Fluid Community

More heresy on the part of moi.

“Newburyport According to X” has this to say about Todd Freemont-Smith’s project in back of the Wheelwright property:

“The real kicker is that while he (Todd Freemont-Smith) and his family may live there for decades, they will more than likely, as many who move to Newburyport these days, live there a couple years until they move on to their next business or financial opportunity…”

And, Mr X is right.

I think I’ve gone and am going through a mourning process for Newburyport, MA. I liked it far better before it became an “it” town. But it has become an “it” town. And I am pretty powerless over its growing “it-ness.” So I have a choice, I can be angry and bitter, or I can be curious as to what will transpire.

For a long time my anger at the change to Newburyport’s blossoming “it-ness” felt like sticking a finger in a dike that was bursting all around it. It felt as if I was left with my finger in a small piece of concrete, while the water was gushing down all around me.

Todd Freemont-Smith is part of that gushing water thing. And yes, I agree with Mr. X, Newburyport no longer has become a rooted community, but one in which people stay for a while, or in many cases are forced out, and move on, leaving their mark, good, bad and indifferent.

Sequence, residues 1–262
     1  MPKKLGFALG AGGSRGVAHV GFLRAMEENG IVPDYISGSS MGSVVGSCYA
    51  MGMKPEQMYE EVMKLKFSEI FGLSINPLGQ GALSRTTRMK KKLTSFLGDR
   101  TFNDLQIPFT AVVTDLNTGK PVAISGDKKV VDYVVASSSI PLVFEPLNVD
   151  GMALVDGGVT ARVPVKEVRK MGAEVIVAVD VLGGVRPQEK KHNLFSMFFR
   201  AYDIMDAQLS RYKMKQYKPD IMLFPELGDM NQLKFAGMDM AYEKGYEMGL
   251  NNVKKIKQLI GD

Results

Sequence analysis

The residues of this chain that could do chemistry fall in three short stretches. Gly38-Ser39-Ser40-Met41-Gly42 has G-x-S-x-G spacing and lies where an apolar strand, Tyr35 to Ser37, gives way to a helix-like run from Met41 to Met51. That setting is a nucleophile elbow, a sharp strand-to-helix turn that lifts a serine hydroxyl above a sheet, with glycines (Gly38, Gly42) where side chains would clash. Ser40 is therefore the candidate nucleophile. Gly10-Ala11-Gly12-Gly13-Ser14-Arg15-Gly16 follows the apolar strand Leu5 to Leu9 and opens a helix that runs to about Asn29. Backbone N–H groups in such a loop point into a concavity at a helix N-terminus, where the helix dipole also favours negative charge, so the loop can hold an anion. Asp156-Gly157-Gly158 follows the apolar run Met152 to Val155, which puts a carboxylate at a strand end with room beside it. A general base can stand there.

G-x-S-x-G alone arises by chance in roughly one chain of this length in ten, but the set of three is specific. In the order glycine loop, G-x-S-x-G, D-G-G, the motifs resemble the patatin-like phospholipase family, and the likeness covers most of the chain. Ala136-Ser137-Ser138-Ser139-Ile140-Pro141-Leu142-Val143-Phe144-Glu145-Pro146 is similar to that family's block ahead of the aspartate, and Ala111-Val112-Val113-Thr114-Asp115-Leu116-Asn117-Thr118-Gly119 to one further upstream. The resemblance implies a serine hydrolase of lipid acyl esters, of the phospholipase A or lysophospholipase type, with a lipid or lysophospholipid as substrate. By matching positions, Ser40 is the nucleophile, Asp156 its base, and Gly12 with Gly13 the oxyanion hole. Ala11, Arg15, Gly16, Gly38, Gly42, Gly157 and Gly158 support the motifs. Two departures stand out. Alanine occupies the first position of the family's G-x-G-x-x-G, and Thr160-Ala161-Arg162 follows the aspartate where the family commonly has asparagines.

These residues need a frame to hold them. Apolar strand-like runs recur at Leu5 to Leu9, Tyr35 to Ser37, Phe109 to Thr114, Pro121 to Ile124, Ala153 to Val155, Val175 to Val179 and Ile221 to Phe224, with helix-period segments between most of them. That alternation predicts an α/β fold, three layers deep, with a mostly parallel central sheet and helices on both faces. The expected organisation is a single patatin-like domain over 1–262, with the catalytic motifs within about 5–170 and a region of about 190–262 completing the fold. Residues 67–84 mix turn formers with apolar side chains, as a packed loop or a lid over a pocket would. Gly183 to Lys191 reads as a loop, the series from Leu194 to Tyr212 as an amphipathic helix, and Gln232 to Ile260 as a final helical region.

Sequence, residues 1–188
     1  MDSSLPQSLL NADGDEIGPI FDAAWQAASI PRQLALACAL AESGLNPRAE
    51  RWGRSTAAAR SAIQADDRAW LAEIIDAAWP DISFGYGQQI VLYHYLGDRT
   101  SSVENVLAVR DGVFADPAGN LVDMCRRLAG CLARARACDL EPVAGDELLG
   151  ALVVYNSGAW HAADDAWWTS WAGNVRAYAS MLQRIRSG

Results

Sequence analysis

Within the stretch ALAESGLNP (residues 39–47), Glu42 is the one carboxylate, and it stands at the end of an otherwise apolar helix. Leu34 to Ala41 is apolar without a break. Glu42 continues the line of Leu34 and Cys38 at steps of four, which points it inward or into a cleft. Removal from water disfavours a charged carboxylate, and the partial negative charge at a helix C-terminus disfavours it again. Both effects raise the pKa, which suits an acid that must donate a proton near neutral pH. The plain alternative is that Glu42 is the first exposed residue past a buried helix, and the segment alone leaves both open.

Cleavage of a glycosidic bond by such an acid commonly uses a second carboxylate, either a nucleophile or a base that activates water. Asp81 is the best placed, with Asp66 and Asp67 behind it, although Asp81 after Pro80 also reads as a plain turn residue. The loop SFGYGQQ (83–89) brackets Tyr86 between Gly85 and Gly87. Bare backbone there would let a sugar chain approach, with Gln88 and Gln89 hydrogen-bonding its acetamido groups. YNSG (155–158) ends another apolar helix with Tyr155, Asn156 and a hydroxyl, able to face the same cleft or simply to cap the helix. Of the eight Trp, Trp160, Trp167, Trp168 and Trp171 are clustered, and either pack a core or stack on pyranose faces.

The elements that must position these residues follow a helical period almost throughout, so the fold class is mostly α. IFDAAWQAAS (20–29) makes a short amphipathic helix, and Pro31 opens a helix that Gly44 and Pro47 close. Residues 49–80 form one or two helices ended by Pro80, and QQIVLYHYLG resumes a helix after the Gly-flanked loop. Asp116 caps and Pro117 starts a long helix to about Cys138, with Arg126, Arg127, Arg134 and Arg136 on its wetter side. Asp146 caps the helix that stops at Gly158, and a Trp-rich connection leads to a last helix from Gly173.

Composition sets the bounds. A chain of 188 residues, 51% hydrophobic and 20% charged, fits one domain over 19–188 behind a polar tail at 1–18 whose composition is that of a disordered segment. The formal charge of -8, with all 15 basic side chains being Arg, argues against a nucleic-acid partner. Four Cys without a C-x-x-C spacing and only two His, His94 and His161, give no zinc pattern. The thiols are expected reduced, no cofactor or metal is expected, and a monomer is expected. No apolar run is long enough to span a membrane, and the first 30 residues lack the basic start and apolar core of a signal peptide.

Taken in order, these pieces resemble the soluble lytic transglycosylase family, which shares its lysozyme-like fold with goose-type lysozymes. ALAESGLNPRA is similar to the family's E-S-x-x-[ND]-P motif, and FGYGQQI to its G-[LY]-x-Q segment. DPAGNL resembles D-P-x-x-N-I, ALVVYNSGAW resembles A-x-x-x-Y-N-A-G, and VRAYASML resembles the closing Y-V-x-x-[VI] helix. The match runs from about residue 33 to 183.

But Newburyport reflects the larger world in which we live–global and mobile. And it seems that fewer and fewer offspring stay in the place that they were born. And fewer and fewer families, because of so many mobile jobs, can afford to stay in one place for a lifetime or enjoy a generational span.

So, Ok, this is what we appear to have. And what I guess I now hope, is that even as we would become a more and more fluid community, we could agree on the boundaries of the marks that people, who would come and go, could leave. How that would be done, I don’t know.

Mary Eaton